Speaking at reception to mark the 50th Anniversary of the Constitution of the republic of India at the New India House (Indian Consulate) in New York on January 26, Ackerman, a leading member of the House International Relations Committee and co-chairman of the Congressional Caucus on India and Indian Americans, said India is excited about Clinton's visit.
"During my last visit, almost everyone in New Delhi, Bombay and Calcutta asked me one simple question: 'Is he coming? And when is he coming?' The reference, of course, was to President Clinton's proposed trip to India. Yes, the President will be visiting India --- during the third week of March.
"This visit, coming more than two decades after President Carter's trip to that part of the world, will be an important milestone in our two nations' relations. It will lay the foundations of the parameters that govern our two nations' ties in the new millennium," he said.
Asserting that US-India relations has been showing signs of a new sense of maturity and realism after the Kargil crisis, he said:
"It is my belief that both New Delhi and Washington have taken the morally correct step by coming together to address the issue of international terrorism. I applaud the Clinton administration and the Vajpayee government for setting up a special Joint Working Group to address the issue of terrorism. As last month's hijacking of the Indian Airlines plane showed, terrorism, especially state-sponsored terrorism, has to be tackled by democratic nations in a united and determined fashion.
"India and the United States must work jointly ... to locate, nab and try the Pakistan-Afghanistan-based hijackers," Ackerman said. "If Pakistan co-operates in this endeavor, as they should, it would be a welcome signal. However, if they don't, the hijackers and their sponsors must realize that the long arm of the law from democratic nations such as the US and India will catch up with them."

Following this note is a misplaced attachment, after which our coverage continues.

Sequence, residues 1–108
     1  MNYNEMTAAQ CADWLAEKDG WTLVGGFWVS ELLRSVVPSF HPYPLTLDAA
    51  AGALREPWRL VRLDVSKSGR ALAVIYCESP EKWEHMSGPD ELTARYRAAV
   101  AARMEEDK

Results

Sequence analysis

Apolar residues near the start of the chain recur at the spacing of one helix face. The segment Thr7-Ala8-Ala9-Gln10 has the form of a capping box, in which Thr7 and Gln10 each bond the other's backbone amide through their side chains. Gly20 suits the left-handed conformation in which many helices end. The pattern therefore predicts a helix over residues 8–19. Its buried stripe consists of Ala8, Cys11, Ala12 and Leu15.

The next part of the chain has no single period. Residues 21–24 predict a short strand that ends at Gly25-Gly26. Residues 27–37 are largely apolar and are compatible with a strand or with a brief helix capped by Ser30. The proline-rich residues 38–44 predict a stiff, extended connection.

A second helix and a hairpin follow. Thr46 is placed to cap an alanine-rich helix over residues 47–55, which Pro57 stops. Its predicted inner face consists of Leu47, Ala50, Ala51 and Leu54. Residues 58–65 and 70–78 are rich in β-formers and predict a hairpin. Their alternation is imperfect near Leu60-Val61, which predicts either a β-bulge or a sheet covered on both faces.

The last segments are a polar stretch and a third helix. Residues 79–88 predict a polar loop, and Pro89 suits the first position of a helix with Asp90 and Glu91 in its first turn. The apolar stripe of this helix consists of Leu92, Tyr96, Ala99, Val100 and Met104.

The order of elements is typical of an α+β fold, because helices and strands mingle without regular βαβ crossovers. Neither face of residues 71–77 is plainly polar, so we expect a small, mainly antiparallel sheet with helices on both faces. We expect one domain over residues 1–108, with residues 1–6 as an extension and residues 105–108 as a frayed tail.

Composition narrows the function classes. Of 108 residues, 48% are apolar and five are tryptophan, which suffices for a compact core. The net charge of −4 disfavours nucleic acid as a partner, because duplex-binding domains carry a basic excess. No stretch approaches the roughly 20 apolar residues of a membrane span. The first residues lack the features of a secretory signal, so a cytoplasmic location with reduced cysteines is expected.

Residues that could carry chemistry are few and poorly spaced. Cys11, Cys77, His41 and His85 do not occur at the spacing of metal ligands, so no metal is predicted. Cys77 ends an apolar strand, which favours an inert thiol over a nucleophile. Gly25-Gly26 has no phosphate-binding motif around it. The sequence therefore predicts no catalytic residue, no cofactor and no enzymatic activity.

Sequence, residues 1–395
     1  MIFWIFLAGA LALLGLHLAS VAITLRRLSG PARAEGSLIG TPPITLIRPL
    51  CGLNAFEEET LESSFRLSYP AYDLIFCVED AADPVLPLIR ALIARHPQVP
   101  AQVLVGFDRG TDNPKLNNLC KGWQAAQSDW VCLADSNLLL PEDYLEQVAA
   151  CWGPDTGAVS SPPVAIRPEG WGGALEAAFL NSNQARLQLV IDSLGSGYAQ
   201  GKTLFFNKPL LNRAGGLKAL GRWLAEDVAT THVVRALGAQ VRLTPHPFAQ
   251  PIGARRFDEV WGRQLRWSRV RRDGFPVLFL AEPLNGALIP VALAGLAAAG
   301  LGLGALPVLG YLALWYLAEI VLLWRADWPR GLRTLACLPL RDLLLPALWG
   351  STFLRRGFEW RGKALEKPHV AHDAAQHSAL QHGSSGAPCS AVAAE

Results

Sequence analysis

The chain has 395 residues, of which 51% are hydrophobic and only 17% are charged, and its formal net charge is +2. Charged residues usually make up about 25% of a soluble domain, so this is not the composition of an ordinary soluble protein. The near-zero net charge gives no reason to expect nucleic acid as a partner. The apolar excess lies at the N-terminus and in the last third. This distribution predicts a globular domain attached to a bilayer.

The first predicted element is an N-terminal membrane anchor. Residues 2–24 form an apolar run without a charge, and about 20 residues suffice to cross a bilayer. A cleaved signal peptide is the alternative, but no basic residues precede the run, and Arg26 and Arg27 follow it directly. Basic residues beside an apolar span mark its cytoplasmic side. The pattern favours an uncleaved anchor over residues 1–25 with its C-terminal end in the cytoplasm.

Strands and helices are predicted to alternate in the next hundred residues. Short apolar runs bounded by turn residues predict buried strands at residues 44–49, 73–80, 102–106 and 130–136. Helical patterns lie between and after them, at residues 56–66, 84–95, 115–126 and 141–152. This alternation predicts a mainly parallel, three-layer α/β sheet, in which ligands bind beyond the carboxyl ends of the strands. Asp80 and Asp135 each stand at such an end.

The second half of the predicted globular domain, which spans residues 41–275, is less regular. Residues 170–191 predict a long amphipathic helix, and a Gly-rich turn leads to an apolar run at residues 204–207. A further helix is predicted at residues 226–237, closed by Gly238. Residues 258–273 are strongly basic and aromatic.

Ackerman recalled a recent speech titled 'Sustaining Democracy in the 21st Century' at the Johns Hopkins School of Advanced International Studies, by Secretary of State Madeline Albright. She had said:
"A military coup or other violent seizure of power moves democratic development back to square one. It brings to power authorities who lack legitimacy, and are ineligible for assistance from the United States and many others."
Echoing her thoughts, Rubin's warning ended immediate hopes for Pakistan for getting significant American aid and access to funds from World Bank.
The warning followed a denunciation by Washington of General Pervez Musharraf's recent requirement for top judges to swear an oath of allegiance to the army.
If Pakistan is indeed branded a terrorism sponsor it would join seven countries on Washington's terrorism list: Syria, Iran, Iraq, Cuba, Sudan, Libya and North Korea.
But several Washington insiders said it was unlikely that Washington would go to the extreme extent of branding Pakistan. The pundits said that, on the other hand, Washington was trying to scare Pakistan into making solid concessions to America, thus helping Clinton go to Pakistan with a straight face.
This is the first presidential trip to the Indian subcontinent in two decades -- and even if the President happens to be in the last year of office, the trip carries weight.
Washington does not expect Pakistan to persuade the Taleban in neighboring Afghanistan hand over the Arabia-born millionaire Osama bin Laden to American officials, one Washington insider said.
"But if Pakistan could ban the Harkat ul-Mujahideen, and isolate anti-American groups, a new relationship could start building between America and Pakistan," a Washington insider said.
The state department's blunt warning on Thursday to Pakistan was partly fuelled by Musharraf's refusal to ban the organization. America had made an urgent request for the ban when a delegation of American officials met with Musharraf a week ago.